1. What makes the RHFAC program unique?

The RHFAC program is unique in three ways:

  1. It measures the level of meaningful access beyond building code, and is based upon the holistic user experience of people with varying disabilities affecting their mobility, vision, and hearing.
  2. It trains professionals to conduct ratings and become accredited through a formal exam developed by RHF and facilitated CSA Group; and
  3. It recognizes an organization’s commitment to accessibility through formal certification as ‘RHF Accessibility Certified’ or ‘RHF Accessibility Certified Gold.’

Back to top


2. Why should I get my building/site rated and certified?

There are several good reasons why you should get rated and certified. Getting rated and certified will help you:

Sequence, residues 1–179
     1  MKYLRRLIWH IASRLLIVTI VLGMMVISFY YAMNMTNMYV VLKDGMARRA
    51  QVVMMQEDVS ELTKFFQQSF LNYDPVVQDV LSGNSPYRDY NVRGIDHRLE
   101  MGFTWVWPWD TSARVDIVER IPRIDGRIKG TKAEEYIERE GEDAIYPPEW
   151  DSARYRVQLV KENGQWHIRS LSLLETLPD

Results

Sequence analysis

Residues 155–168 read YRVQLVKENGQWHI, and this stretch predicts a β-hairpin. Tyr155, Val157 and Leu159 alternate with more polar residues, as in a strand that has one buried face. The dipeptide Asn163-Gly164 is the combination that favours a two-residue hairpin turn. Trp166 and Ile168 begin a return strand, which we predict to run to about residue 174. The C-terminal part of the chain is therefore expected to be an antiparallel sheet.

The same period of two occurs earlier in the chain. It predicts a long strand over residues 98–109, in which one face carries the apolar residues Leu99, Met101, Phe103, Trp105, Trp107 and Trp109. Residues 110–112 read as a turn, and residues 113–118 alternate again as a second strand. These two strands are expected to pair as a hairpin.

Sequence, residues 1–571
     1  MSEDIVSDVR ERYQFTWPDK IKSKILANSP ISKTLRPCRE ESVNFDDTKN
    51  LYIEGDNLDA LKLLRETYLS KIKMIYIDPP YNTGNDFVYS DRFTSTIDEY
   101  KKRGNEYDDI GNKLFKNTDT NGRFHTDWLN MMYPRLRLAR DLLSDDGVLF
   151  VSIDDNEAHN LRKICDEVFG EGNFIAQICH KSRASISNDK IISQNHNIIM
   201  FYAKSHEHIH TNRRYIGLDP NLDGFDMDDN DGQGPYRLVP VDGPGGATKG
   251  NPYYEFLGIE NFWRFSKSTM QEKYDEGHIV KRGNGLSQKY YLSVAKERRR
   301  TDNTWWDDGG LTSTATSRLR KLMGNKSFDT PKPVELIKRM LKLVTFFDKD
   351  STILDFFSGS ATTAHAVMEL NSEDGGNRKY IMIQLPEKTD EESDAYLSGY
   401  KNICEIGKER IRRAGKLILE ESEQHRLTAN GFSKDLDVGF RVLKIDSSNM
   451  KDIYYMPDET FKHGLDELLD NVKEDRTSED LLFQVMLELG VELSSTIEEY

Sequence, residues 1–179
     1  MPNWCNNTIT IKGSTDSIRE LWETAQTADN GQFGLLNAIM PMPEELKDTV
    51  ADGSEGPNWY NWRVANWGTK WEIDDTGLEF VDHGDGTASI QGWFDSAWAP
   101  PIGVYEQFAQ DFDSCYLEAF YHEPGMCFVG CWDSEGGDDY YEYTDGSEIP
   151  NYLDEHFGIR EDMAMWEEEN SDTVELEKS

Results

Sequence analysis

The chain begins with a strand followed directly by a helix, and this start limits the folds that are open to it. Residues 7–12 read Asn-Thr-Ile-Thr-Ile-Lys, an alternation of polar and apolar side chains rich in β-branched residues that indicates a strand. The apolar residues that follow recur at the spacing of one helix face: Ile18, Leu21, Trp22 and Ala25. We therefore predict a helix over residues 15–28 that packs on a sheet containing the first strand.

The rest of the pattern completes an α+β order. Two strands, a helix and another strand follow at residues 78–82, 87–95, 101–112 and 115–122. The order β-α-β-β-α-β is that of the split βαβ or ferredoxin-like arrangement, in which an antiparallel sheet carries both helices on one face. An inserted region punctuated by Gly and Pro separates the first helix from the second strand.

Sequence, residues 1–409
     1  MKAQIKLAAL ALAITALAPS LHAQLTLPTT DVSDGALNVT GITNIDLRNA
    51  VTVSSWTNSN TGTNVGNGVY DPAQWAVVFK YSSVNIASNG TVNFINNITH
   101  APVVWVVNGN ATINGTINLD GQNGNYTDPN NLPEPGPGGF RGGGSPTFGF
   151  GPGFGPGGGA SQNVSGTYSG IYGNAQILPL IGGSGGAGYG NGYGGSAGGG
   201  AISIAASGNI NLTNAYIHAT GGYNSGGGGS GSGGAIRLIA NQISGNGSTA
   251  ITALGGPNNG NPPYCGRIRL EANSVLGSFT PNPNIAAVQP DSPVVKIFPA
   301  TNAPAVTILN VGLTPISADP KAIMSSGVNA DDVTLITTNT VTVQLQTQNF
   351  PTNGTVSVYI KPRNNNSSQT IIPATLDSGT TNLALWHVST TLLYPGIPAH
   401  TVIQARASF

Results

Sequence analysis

• be prepared for Canada’s increasing numbers of people with disabilities and seniors
  • get ready for a changing regulatory environment and impending federal accessibility legislation
  • allow you to serve more customers and attract more employees
  • learn about ways to improve your accessibility; and
  • showcase your commitment to accessibility by choosing to purchase a label, plaque or to list your location on the online RHFAC Registry.

Ratings are risk-free. Only buildings that reach a certain certification level are eligible to be certified and be publically listed.

Back to top


3. My building already meets code and is accessible, so why do I need this rating too?

Existing building codes vary widely by municipality and province, and while many buildings and sites have accessible features, they are often mobility-centric and may fall short of the actual needs of people with various disabilities. RHFAC complements existing building codes by using a universal rating scale that assesses levels of meaningful access nationally.

Back to top


4. I don’t have any employees/customers that use wheelchairs, so why would I need to be rated?